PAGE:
When you make a presentation, you need to include all people in the audience. Normally this means many things including being politically, religiously, and racially unbiased. You may also consider making the presentation accessible to the people with color deficiency (also known as color blindness). You should especially consider this if you’re going to be sharing your presentation online.

What is Color Deficiency or Color Blindness?

Color deficiency or color blindness involves an inability to see some colors in an image. Some people can’t see the colors red and green correctly. It “affects approximately 1 in 12 men (8%) and 1 in 200 women in the world”. Color blind people can see things clearly but they are commonly not able to see red/green. This means that anything that has these colors in it will look a little different than what they normally look like to people. You can read more on the topic by visiting colourblindawareness.org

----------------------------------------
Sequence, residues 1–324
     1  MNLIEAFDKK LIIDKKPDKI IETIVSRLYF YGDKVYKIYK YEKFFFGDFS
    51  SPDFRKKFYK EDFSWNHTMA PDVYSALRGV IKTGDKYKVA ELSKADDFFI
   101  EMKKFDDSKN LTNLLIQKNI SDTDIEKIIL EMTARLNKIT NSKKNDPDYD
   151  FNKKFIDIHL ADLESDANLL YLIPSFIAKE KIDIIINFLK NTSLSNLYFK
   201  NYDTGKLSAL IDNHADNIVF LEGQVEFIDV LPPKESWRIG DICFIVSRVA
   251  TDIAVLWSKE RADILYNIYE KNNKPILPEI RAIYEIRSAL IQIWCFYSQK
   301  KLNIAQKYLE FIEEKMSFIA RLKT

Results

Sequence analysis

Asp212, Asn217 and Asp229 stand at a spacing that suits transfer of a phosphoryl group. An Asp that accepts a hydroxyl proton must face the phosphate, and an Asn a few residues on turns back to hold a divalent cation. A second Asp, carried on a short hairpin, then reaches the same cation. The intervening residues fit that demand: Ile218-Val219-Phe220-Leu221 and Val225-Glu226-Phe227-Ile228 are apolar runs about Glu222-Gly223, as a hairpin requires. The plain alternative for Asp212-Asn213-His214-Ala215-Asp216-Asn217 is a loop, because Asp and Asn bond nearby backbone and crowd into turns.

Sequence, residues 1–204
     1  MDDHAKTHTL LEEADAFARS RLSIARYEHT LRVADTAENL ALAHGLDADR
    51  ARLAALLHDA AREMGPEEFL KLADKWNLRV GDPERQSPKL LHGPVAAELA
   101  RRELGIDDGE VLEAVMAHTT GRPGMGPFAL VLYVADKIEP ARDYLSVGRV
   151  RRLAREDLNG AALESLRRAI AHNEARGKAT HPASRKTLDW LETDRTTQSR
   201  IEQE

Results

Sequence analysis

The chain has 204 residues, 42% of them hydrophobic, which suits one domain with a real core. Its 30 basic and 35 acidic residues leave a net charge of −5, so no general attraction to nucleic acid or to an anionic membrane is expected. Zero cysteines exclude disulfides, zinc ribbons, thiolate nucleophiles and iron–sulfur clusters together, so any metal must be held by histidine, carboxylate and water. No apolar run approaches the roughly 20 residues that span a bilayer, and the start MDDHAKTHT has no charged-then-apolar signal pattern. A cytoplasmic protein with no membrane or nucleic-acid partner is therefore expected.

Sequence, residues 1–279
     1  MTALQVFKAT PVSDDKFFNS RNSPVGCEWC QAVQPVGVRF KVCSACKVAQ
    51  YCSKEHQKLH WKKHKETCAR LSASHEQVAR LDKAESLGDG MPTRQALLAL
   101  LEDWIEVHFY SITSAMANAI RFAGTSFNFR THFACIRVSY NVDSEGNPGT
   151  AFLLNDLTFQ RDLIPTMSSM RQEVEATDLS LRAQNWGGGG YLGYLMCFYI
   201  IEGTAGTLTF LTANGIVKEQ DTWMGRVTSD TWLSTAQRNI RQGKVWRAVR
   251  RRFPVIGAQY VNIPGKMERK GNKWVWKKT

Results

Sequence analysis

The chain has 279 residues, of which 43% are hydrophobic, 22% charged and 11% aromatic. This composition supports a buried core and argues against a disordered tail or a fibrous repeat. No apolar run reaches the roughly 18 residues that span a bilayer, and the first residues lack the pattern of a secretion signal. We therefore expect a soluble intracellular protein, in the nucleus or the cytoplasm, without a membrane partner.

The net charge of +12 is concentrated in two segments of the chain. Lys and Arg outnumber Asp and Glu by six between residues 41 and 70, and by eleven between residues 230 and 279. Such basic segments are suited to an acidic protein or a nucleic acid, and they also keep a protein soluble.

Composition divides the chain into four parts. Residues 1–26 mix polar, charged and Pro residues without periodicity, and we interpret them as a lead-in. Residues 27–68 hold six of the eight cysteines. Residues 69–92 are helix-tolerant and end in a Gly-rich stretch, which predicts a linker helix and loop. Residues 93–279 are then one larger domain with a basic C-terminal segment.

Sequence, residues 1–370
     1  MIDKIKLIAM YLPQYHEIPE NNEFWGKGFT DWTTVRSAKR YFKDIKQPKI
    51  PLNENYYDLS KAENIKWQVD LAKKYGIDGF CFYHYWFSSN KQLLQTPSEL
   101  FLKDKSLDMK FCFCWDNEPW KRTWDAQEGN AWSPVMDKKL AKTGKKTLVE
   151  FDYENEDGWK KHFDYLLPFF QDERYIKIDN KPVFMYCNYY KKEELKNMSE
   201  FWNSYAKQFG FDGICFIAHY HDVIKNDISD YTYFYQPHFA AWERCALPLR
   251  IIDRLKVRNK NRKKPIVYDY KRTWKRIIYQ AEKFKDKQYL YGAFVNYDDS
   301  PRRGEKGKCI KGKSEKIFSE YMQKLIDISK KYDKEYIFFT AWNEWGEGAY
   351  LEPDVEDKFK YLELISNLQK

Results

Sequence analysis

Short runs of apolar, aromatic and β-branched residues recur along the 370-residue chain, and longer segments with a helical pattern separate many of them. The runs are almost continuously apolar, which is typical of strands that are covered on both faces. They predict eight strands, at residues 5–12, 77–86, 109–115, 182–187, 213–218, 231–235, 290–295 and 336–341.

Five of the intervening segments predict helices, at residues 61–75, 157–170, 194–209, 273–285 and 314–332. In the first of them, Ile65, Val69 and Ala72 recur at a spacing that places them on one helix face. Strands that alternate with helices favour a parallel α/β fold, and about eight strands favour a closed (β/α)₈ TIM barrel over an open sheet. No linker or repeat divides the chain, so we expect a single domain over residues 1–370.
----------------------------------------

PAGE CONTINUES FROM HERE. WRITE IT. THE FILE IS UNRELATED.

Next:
Simulate color blindness using an online simulator by clicking here. Here’s how to use it:

In PowerPoint, go to File > Save As, and then choose to save the presentation of the slide as PNG images. Once you have your images, you’ll have to upload them to the website to see your preview. You can do this by opening the website, and clicking the Choose File button.

Color Deficiency - 580x Online Tool - Coblis color blindness simulator - FreePowerPointTemplates

Once you’ve uploaded the images, you should be able to choose the type of color deficiency you want to test for. The most common one is red/green which are the first two radio buttons on the list.

Using tools like this helps you make a presentation that will be better suited for a wider audience. Color deficiency can occur with age and genetics. Being thoughtful to your audience should help both you and your viewers.

Image Courtesy

By Color Blindness [CC BY 3.0] via YouTube